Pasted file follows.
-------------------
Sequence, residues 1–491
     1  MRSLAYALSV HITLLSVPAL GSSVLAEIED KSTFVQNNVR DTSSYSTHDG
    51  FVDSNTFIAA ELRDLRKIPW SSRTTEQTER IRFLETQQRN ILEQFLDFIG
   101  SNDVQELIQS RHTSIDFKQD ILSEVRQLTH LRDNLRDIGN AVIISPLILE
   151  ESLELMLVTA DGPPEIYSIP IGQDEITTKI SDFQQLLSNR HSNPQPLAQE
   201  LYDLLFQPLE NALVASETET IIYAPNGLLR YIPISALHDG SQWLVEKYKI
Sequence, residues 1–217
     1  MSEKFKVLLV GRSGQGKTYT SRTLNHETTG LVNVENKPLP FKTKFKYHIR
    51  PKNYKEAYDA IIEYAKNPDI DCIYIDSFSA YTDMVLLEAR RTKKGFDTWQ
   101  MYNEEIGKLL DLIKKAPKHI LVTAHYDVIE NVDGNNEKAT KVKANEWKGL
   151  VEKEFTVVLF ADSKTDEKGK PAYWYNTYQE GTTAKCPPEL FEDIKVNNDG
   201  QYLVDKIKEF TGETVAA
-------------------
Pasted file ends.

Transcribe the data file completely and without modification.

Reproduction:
Sequence, residues 1–491
     1  MRSLAYALSV HITLLSVPAL GSSVLAEIED KSTFVQNNVR DTSSYSTHDG
    51  FVDSNTFIAA ELRDLRKIPW SSRTTEQTER IRFLETQQRN ILEQFLDFIG
   101  SNDVQELIQS RHTSIDFKQD ILSEVRQLTH LRDNLRDIGN AVIISPLILE
   151  ESLELMLVTA DGPPEIYSIP IGQDEITTKI SDFQQLLSNR HSNPQPLAQE
   201  LYDLLFQPLE NALVASETET IIYAPNGLLR YIPISALHDG SQWLVEKYKI
Sequence, residues 1–217
     1  MSEKFKVLLV GRSGQGKTYT SRTLNHETTG LVNVENKPLP FKTKFKYHIR
    51  PKNYKEAYDA IIEYAKNPDI DCIYIDSFSA YTDMVLLEAR RTKKGFDTWQ
   101  MYNEEIGKLL DLIKKAPKHI LVTAHYDVIE NVDGNNEKAT KVKANEWKGL
   151  VEKEFTVVLF ADSKTDEKGK PAYWYNTYQE GTTAKCPPEL FEDIKVNNDG
   201  QYLVDKIKEF TGETVAA